Asset Class

DFA Fund Return

Index Return

Difference

US Large Cap

12.6%

12.0%

0.6%

US Large Value

18.9%

17.3%

1.6%

US Small Cap

25.6%

21.3%

4.3%

US Small Value

28.3%

31.7%

-3.5%

Real Estate

8.4%

6.7%

1.7%

Int'l Large Value

8.4%

7.4%

1.0%

Int'l Small Cap

5.8%

4.3%

1.5%

Int'l Small Value

8.0%

7.9%

0.1%

Emerging Mkts Large

12.1%

11.2%

0.9%

Emerging Mkts Value

19.8%

14.9%

4.9%

Emerging Mkts Small

10.9%

2.3%

8.6%

If 6 or 7 of the DFA funds beat their index last year, we might chock that up to a random outcome. But when over 90% outperform net of their expense ratios, we have to conclude that that's a persistent result.

But the first chart lists only a 12-month period. And let's be honest, long-term investors are (or should be) indifferent to short-term results. What happens if we look at 5 years (still too short in my opinion), 10 years (yes, still too short), or 15 years? We could do that, and the results wouldn't change much. But any of those periods are less relevant knowing that we have live data on each of the DFA funds dating back to 1998, and index data starting in 1999. Odd, I know, that DFA was managing asset class funds before there were even indexes to track each of these segments of the market. Even today, there are no index funds or ETFs that invest in several of these indexes.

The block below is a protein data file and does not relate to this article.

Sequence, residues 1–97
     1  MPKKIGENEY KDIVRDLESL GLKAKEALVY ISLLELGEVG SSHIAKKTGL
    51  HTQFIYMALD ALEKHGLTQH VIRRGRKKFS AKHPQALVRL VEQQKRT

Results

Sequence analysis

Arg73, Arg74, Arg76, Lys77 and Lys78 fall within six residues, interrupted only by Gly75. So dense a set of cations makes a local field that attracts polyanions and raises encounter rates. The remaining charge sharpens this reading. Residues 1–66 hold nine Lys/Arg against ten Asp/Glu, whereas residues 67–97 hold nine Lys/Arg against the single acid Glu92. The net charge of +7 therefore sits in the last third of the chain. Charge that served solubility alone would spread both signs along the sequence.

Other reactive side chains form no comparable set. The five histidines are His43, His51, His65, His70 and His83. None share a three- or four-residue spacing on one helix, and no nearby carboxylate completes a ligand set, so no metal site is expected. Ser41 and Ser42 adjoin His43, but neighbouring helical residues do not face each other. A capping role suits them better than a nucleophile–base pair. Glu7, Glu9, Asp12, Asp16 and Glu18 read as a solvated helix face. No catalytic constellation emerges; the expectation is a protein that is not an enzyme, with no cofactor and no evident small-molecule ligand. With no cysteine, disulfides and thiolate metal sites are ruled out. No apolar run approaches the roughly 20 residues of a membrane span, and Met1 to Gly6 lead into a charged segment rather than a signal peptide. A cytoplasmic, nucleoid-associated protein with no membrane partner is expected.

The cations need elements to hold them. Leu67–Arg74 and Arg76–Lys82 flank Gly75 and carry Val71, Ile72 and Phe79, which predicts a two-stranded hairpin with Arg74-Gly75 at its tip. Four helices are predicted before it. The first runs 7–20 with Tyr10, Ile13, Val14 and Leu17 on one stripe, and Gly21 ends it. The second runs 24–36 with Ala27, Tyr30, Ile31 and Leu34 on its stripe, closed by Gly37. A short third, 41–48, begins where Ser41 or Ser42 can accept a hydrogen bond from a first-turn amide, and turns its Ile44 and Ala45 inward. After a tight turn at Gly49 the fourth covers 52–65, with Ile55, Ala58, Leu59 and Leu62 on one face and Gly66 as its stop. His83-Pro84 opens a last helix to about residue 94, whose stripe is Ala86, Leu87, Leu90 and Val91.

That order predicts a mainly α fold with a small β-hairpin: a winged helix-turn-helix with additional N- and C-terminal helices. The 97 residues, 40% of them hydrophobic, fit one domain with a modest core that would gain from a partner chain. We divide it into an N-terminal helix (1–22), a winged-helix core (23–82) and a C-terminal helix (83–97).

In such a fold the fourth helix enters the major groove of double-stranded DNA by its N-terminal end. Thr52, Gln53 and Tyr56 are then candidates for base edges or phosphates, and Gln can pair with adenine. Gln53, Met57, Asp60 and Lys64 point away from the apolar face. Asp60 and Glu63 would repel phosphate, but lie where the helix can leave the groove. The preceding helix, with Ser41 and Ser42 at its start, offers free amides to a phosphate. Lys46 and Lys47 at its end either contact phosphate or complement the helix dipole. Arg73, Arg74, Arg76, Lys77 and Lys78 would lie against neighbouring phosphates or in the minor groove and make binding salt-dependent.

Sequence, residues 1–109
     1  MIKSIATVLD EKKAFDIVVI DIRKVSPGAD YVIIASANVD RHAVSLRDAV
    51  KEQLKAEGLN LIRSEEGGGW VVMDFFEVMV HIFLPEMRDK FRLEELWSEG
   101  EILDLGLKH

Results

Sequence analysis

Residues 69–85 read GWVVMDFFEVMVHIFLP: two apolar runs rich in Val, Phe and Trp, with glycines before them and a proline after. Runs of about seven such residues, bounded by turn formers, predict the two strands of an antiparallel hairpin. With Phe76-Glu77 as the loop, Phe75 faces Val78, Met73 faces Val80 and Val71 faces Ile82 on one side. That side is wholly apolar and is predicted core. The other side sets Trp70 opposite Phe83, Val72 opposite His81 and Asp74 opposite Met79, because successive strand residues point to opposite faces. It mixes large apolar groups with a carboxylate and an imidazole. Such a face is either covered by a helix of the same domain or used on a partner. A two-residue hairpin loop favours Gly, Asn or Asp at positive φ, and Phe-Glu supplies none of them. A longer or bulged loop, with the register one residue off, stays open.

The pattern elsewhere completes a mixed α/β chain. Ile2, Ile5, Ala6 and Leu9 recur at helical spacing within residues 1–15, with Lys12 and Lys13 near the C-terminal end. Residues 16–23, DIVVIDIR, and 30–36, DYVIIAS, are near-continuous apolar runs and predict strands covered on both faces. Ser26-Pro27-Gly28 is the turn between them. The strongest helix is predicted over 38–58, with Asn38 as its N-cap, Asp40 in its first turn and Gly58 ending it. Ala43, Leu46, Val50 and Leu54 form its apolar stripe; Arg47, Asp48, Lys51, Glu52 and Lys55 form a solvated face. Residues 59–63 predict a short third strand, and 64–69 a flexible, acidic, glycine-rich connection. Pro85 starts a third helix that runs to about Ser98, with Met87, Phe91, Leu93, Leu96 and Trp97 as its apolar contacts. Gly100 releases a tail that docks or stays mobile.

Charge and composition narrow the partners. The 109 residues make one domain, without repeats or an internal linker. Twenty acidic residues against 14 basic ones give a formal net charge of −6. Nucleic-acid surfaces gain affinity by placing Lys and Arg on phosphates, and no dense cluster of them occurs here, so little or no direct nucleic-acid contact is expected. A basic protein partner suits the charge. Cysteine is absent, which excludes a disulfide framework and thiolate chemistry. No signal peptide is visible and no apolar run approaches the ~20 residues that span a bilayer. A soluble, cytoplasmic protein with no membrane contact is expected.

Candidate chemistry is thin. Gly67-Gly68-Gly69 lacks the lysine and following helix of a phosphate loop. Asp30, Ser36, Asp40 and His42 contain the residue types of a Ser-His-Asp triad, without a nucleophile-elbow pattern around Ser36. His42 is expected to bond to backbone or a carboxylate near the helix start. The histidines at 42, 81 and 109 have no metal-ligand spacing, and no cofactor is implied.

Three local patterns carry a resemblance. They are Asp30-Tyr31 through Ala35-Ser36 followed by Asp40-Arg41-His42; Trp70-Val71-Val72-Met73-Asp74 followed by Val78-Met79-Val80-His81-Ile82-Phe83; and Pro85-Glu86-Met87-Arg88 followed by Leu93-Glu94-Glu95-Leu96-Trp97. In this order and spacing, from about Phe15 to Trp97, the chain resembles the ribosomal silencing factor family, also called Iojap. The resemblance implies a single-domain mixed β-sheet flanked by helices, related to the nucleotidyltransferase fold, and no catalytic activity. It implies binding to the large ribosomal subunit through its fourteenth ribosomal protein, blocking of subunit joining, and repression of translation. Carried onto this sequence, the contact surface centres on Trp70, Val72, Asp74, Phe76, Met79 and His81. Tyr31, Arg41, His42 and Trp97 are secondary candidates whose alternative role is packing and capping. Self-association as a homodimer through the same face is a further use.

So what happens when we look at the longest period available (1999* to 2016) for DFA's funds and their closest available index?

Asset Class

DFA Fund Return

Index Return

Annualized Difference

US Large Cap

5.4%

5.4%

-0.0%

US Large Value

8.1%

6.6%

1.5%

US Small Cap

10.9%

8.1%

2.8%

US Small Value

11.4%

9.6%

1.8%

Real Estate

11.0%

11.0%

-0.1%

Int'l Large Value

5.8%

4.7%

1.1%

Int'l Small Cap

8.9%

7.6%

1.3%

Int'l Small Value

10.3%

8.7%

1.5%

Emerging Mkts Large

8.8%

8.5%